Maternal-Offspring Immune Crosstalk
Optimal development of immune system requires defined environmental input in a spatiotemporally regulated manner. This fundamental process begins in utero in parallel to organogenesis. Numerous epidemiological data suggested that maternal environmental exposure during pregnancy, particularly infection, can shape the offspring immunity in the long term. During this critical window, the mother also undergoes dramatic physiological changes to nurture and adapt to the semi-allograph fetus. Despite vast clinical and societal implications, the mechanisms underlying maternal-offspring immune crosstalk remain largely elusive. We aim to establish a mechanistic understanding of how maternal environmental exposure impacts long-term offspring tissue immunity, and reciprocally, how maternal immunity adapts to pregnancy and lactation.
Pre-birth Hygiene Hypothesis
Helminths are the most abundant animal species on earth, and mammals' closest evolutionary partners. To date, over a quarter of the world population remains infected with helminths, but this longstanding partnership has been eliminated in high to middle-income countries. The removal of these evolutionary partners has been proposed to contribute in part to the dramatic increase of immune disorders, such as allergies and autoimmune diseases, a model referred to as “hygiene hypothesis”. Building on epidemiological data showing that deworming treatment during pregnancy increases risks for infantile eczema, we hypothesize that maternal helminth partnership controls offspring immunity and reduces susceptibility to immune disorders, termed as “pre-birth hygiene hypothesis".
This project is funded by The Branco-Weiss Fellowship.
Breastmilk is the primary nutrient source to support the growth of infants in early life. Breastmilk also provides passive immunity via transferring immunoglobulins, microbial derivatives, and immune cells to the offspring. The composition of breastmilk is primarily controlled by the maternal intestine for nutrient absorption and by the mammary glands for nutrient synthesis and secretion. The immune status of the breastfeeding mother therefore has vast implications for breastmilk composition and subsequently shaping the infant’s health. We aim to understand how maternal immunological status alters the breastmilk composition and shapes the offspring tissue immunity.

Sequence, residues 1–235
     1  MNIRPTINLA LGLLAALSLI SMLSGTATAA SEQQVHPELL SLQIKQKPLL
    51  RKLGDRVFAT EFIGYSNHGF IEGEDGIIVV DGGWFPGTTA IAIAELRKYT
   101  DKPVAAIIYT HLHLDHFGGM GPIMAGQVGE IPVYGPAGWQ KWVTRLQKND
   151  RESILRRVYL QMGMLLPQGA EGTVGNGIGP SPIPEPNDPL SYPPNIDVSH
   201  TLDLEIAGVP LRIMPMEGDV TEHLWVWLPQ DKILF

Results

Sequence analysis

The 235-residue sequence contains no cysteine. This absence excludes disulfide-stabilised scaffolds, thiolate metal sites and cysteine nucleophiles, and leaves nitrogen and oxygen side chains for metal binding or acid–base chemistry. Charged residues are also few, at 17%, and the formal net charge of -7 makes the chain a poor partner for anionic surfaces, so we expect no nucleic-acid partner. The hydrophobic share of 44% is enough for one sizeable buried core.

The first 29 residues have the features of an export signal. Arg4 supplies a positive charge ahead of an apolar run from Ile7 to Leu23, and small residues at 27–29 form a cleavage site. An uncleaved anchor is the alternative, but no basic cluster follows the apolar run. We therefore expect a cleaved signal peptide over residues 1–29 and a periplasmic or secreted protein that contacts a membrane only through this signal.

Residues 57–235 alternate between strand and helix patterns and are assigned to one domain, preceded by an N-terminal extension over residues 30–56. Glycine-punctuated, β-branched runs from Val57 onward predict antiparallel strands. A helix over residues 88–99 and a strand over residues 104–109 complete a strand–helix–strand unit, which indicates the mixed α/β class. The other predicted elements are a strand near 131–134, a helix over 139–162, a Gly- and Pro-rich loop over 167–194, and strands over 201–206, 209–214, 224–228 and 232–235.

Maternal Immune Adaptation
During pregnancy and lactation, the mother experiences dramatic physiological changes to nurture and adapt to the growing offspring. It has long been appreciated that hormone-mediated immune changes during pregnancy, including the induction of regulatory T cells, help to safeguard fetal development. Epidemiological data also revealed that patients with defined autoimmune diseases can experience reduced autoimmune symptoms during pregnancy, and breastfeeding is associated with postpartum relapses. Despite these observations and the vast clinical implications, the mechanisms underlying the maternal immune adaptation during pregnancy and lactation remain largely unknown. We aim to understand this fundamental physiological adaptation to improve women's health.